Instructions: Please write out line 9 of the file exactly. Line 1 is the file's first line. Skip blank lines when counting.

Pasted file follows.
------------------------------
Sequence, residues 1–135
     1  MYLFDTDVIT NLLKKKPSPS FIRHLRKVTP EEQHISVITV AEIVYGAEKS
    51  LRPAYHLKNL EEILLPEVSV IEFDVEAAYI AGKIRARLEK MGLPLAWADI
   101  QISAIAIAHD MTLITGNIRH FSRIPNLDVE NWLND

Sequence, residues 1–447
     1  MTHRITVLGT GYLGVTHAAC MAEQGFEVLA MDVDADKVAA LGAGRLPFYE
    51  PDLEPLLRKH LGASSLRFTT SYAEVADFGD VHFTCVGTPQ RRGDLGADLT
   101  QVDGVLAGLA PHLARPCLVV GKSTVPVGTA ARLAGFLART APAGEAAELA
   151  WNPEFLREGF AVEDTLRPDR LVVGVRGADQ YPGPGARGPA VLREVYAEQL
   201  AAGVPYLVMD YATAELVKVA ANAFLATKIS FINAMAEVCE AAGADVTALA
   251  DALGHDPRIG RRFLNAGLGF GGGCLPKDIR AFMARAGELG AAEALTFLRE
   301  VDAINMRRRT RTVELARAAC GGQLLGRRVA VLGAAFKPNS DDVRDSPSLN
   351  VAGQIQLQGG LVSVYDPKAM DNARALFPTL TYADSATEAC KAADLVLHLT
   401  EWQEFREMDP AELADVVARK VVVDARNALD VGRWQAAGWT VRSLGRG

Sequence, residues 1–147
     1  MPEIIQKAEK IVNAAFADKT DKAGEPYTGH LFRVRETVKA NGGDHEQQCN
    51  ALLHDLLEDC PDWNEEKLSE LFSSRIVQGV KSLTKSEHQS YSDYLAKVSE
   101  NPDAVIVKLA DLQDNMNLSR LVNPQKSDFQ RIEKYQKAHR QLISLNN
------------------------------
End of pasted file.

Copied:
   151  WNPEFLREGF AVEDTLRPDR LVVGVRGADQ YPGPGARGPA VLREVYAEQL